Measuring orthodontic treatment impact: Description or judgment, challenge or result
American journal of orthodontics and dentofacial orthopedics
INTRODUCTION: Determination of improvement in orthodontic treatment may depend on the measurement method used and the purpose. METHODS: Improvement after orthodontic treatment (from T1 to T2 [beginning to end of treatment]) was assessed 3 ways from a set of 98 patient records: (1) calculated by subtracting judges' assessments at T2 from T1 for records presented in random order, (2) judged as a holistic impression viewing T1 and T2 records side by side, and (3) determined from proxies (American Board of Orthodontics Discrepancy Index, the American Board of Orthodontics Objective Grading System, and the Peer Assessment Rating index). RESULTS: High levels of intramethod consistency were observed, with intraclass correlation coefficient clustering around an intraclass correlation coefficient of 0.900, and distributions were normal. Calculated and judged improvements correlated at r = 0.606. Calculated or judged improvements were correlated at a lower level with proxies. Calculated improvement was significantly associated with "challenge" (T1) scores and judged improvement associated with "results" (T2) scores. Common method bias was observed, with higher correlations among similar indexes than among indexes at the same time that used various methods. Relative to differences in Peer Assessment Rating scores, calculated improvement overestimated low scores and underestimated high ones. The same effect, but statistically greater, was observed using direct judgment of improvement. CONCLUSIONS: These findings are consistent with decision science and measurement theory. In some circumstances, such as third-party reimbursement and research, operationally defined measures of occlusion are appropriate. In practice, the determination of occlusion and improvement are best performed by judgment that naturally corrects for biases in proxies and incorporates background information.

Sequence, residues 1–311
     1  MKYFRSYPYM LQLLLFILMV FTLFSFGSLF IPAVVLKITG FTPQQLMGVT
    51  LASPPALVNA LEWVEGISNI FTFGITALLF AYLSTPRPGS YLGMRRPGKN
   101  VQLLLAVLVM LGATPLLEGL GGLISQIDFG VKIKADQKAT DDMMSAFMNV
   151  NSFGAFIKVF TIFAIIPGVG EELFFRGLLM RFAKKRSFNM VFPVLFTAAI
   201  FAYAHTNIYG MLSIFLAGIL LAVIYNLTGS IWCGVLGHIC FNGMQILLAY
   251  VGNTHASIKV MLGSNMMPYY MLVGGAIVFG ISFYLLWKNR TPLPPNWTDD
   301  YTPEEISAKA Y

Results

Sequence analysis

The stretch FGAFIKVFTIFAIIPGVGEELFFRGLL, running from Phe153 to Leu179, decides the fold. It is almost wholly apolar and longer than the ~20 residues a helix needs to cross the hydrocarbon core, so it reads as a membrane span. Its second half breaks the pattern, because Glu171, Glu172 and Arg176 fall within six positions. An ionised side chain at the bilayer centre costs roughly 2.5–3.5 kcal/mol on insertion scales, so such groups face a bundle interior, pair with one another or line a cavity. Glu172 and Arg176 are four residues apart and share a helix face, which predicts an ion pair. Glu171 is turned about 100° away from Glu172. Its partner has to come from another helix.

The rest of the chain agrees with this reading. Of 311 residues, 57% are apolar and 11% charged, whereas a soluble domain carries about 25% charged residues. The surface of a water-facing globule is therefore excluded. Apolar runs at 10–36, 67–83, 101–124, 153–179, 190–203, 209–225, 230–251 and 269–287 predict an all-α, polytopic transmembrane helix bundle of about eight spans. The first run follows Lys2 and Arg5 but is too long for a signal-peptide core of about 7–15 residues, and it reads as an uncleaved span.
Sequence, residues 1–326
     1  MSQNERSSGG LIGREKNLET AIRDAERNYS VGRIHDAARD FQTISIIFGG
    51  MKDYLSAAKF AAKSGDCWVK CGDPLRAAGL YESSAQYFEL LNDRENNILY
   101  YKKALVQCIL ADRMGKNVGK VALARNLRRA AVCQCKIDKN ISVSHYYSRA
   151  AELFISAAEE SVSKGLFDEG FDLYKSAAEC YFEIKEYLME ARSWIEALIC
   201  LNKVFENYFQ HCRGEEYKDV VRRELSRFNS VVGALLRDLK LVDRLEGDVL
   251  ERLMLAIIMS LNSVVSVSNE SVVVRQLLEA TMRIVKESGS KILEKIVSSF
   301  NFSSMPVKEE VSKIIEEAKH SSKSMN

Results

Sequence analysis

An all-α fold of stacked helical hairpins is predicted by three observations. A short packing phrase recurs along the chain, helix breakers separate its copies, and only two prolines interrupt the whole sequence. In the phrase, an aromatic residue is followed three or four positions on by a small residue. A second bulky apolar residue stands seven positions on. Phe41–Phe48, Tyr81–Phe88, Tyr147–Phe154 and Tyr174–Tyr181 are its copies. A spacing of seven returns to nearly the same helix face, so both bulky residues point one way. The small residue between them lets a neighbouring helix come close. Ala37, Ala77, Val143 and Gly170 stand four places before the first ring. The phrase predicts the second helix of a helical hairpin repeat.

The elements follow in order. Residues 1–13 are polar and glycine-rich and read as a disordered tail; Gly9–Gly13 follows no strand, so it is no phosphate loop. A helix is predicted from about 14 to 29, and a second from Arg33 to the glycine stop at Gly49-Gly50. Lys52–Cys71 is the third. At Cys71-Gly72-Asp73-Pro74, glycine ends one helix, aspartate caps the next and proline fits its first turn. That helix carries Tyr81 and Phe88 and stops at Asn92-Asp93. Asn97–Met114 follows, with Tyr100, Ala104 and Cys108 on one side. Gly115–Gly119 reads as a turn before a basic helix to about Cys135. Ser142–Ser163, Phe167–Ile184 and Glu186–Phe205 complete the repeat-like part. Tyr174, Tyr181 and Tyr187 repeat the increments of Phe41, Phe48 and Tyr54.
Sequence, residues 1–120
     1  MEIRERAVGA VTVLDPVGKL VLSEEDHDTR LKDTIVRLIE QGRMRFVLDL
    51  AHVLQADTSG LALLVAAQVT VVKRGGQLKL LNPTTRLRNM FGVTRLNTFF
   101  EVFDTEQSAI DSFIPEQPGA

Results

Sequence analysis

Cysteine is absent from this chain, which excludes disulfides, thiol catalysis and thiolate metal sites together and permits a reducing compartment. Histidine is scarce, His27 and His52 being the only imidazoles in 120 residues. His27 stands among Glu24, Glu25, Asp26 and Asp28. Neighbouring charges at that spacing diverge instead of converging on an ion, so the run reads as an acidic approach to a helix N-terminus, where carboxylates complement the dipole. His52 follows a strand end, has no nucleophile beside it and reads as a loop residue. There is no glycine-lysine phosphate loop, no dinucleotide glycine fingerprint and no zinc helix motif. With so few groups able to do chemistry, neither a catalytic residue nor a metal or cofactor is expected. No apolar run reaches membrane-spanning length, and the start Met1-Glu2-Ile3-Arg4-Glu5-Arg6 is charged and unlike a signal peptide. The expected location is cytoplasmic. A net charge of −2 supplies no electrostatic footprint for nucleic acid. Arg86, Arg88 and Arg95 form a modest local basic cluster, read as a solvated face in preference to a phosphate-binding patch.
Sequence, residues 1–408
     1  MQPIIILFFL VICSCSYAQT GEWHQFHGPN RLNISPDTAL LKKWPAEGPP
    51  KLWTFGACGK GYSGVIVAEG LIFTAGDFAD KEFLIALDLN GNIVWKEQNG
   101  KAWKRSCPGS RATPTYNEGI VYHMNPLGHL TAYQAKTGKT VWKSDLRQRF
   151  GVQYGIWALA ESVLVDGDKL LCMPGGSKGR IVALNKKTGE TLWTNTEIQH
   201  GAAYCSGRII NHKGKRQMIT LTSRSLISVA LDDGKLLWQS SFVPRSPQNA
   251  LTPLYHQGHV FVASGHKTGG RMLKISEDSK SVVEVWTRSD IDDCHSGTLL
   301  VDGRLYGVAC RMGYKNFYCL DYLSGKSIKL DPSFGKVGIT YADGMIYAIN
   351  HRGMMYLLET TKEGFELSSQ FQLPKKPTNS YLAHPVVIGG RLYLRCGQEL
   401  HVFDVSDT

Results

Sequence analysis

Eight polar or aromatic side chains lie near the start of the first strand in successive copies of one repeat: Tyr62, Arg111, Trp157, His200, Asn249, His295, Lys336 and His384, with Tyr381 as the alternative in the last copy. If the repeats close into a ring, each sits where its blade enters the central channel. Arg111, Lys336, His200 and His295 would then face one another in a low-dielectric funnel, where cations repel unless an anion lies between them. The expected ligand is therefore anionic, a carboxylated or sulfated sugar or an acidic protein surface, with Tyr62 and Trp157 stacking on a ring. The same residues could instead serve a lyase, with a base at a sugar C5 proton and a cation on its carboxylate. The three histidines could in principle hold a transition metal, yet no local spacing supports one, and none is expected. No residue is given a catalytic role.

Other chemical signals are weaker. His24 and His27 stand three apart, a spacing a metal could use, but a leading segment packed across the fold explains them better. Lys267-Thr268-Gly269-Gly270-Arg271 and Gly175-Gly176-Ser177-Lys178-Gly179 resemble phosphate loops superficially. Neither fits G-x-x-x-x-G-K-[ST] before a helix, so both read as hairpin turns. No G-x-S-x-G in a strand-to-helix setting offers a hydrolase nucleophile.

Hasan, S. E.,
Chambers, D. W.,
Measuring orthodontic treatment impact: Description or judgment, challenge or result.
American journal of orthodontics and dentofacial orthopedics, 159(5), e389–e397.